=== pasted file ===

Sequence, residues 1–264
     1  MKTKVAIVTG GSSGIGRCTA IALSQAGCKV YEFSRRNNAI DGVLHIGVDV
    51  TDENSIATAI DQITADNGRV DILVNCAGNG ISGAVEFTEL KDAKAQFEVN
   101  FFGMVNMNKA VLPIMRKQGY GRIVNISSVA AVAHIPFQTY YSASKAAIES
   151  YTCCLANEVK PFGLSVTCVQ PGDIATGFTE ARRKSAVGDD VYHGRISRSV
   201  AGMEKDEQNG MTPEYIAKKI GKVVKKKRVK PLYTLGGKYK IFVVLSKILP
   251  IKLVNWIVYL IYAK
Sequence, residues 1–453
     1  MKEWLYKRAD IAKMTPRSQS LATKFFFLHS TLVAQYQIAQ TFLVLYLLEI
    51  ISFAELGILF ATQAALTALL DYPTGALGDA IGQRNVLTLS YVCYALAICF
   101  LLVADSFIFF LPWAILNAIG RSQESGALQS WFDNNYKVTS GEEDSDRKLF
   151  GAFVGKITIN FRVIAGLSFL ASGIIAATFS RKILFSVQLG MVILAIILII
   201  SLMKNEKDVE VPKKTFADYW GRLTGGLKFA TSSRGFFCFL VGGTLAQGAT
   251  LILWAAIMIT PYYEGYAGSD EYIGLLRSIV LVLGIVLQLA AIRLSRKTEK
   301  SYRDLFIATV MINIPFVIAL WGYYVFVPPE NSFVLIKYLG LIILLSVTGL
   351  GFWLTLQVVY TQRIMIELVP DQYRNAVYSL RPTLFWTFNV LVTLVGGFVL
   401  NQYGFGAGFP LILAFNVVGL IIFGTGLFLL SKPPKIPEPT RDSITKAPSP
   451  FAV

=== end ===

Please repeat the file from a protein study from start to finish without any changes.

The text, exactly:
Sequence, residues 1–264
     1  MKTKVAIVTG GSSGIGRCTA IALSQAGCKV YEFSRRNNAI DGVLHIGVDV
    51  TDENSIATAI DQITADNGRV DILVNCAGNG ISGAVEFTEL KDAKAQFEVN
   101  FFGMVNMNKA VLPIMRKQGY GRIVNISSVA AVAHIPFQTY YSASKAAIES
   151  YTCCLANEVK PFGLSVTCVQ PGDIATGFTE ARRKSAVGDD VYHGRISRSV
   201  AGMEKDEQNG MTPEYIAKKI GKVVKKKRVK PLYTLGGKYK IFVVLSKILP
   251  IKLVNWIVYL IYAK
Sequence, residues 1–453
     1  MKEWLYKRAD IAKMTPRSQS LATKFFFLHS TLVAQYQIAQ TFLVLYLLEI
    51  ISFAELGILF ATQAALTALL DYPTGALGDA IGQRNVLTLS YVCYALAICF
   101  LLVADSFIFF LPWAILNAIG RSQESGALQS WFDNNYKVTS GEEDSDRKLF
   151  GAFVGKITIN FRVIAGLSFL ASGIIAATFS RKILFSVQLG MVILAIILII
   201  SLMKNEKDVE VPKKTFADYW GRLTGGLKFA TSSRGFFCFL VGGTLAQGAT
   251  LILWAAIMIT PYYEGYAGSD EYIGLLRSIV LVLGIVLQLA AIRLSRKTEK
   301  SYRDLFIATV MINIPFVIAL WGYYVFVPPE NSFVLIKYLG LIILLSVTGL
   351  GFWLTLQVVY TQRIMIELVP DQYRNAVYSL RPTLFWTFNV LVTLVGGFVL
   401  NQYGFGAGFP LILAFNVVGL IIFGTGLFLL SKPPKIPEPT RDSITKAPSP
   451  FAV